How long does it take to wean from exclusively pumping? I’ll show you how I weaned from exclusive pumping, how I did it, how long it took and other interesting things I learned along the way.
After learning all I could about breastfeeding and pumping as I began my exclusive pumping journey, weaning wasn’t something I had even thought about. However, as Bibi got older, I started to realize I needed more information about the right time to wean her from breastmilk.
In some ways, weaning from exclusive pumping is simpler since the baby is already drinking from a bottle. The tricky part for moms who exclusively pump is figuring out how to reduce milk production while pumping.
When is the Right Time to Wean Baby?
According to the La Leche League, there is no set number of years you should nurse your baby. Deciding to wean your baby from breastmilk should happen when you feel ready.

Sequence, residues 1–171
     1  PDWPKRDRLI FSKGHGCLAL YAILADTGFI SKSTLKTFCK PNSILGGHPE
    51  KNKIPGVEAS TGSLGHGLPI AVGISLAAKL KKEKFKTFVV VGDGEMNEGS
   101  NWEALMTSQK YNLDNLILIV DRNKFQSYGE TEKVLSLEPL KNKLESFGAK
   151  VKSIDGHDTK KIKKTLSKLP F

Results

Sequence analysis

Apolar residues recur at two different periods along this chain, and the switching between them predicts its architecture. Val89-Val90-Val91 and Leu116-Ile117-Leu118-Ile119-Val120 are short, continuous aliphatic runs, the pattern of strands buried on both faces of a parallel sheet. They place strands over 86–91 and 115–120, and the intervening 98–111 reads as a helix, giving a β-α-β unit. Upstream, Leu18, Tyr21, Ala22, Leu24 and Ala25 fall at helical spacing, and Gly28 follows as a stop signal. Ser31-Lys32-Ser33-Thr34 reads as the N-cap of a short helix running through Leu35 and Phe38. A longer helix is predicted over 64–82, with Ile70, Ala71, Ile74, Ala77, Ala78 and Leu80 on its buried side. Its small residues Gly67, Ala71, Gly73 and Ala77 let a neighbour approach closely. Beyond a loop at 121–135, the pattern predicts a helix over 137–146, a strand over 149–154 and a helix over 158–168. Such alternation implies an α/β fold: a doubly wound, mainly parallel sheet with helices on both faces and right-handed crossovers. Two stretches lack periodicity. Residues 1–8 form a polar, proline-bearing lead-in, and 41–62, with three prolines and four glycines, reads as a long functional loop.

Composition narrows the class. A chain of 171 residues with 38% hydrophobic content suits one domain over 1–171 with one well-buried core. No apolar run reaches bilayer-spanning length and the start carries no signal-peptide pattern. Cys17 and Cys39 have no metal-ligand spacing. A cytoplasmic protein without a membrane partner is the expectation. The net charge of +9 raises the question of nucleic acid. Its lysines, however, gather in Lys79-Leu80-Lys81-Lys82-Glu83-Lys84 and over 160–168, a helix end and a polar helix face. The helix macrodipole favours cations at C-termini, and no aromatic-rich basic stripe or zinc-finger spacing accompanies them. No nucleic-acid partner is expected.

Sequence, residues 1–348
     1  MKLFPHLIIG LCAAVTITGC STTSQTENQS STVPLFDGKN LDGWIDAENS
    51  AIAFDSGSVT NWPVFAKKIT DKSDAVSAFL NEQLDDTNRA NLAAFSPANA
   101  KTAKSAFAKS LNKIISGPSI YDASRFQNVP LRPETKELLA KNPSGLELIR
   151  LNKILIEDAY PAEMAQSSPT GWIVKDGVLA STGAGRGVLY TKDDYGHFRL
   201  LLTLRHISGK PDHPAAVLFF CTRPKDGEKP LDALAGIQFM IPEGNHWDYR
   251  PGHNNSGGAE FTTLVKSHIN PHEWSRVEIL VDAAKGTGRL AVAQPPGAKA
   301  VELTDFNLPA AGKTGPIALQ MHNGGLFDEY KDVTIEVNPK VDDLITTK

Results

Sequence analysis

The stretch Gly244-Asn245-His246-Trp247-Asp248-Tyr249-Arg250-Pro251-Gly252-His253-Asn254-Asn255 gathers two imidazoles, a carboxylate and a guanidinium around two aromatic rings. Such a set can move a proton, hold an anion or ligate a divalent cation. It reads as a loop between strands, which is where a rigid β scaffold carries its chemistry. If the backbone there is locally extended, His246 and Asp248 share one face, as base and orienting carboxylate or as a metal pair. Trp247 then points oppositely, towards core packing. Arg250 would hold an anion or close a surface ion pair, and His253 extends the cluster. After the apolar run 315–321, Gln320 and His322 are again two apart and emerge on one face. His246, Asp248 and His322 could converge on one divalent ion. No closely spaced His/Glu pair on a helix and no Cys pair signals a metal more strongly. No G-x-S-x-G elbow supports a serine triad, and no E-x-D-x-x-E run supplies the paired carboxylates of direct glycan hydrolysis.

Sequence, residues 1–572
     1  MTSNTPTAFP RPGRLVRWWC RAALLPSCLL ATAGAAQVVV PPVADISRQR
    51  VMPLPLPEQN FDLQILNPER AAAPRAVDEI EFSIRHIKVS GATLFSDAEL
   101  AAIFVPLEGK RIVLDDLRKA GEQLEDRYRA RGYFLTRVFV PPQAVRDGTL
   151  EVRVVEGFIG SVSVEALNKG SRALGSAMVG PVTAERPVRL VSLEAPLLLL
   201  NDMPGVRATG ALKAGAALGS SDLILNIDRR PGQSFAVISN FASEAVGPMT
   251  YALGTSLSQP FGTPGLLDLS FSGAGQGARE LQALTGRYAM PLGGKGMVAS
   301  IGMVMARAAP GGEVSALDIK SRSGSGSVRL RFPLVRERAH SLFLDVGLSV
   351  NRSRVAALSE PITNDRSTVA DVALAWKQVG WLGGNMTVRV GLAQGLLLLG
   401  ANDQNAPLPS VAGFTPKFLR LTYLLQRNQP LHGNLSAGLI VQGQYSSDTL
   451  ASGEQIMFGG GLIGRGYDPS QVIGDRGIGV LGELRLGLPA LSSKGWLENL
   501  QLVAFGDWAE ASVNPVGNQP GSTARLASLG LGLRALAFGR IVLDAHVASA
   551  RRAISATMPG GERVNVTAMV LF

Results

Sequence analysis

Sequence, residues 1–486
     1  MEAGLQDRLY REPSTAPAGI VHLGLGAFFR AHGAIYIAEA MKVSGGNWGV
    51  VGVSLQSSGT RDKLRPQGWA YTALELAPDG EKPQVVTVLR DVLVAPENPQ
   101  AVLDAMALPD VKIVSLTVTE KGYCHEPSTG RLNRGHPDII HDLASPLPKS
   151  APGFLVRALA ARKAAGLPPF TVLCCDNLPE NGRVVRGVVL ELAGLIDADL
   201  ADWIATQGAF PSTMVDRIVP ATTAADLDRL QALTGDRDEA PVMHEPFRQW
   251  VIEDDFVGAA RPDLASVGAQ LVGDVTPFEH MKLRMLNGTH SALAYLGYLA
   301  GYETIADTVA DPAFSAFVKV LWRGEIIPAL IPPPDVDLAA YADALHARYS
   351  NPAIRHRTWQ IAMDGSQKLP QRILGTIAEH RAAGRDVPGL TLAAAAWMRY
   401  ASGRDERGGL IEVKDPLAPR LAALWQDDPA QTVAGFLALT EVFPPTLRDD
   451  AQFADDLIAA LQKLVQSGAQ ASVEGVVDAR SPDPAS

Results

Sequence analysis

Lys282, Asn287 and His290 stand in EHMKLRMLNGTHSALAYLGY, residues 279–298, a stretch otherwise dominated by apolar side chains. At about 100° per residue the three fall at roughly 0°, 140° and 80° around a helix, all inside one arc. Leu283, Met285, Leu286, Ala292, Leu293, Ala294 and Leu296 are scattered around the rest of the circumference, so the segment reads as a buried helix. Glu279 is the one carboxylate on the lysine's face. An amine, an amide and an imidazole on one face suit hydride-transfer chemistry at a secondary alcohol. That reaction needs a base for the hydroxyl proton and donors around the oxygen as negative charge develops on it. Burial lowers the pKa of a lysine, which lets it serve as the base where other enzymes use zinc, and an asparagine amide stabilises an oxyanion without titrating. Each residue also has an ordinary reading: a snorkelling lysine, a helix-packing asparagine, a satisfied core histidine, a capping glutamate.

“Breastfeeding is a two-way street. If you resent it when you sit down to breastfeed, your child will pick up on this.”La Leche League
Until the age of 12 months, the main source of nutrition for babies should be breastmilk or formula. But some people mistakenly think that when baby starts solids between 4-6 months they need less milk. However solid foods are not a substitute for breastmilk or formula.
If you are breastfeeding or pumping and want to begin weaning your baby before 12 months old, it is generally recommended that you will need to supplement their diet with the same amount of formula. After 12 months old, you can begin to substitute cow’s milk (or other milk) in place of your breastmilk. Remember to always check in with your doctor or pediatrician if you have any concerns about this.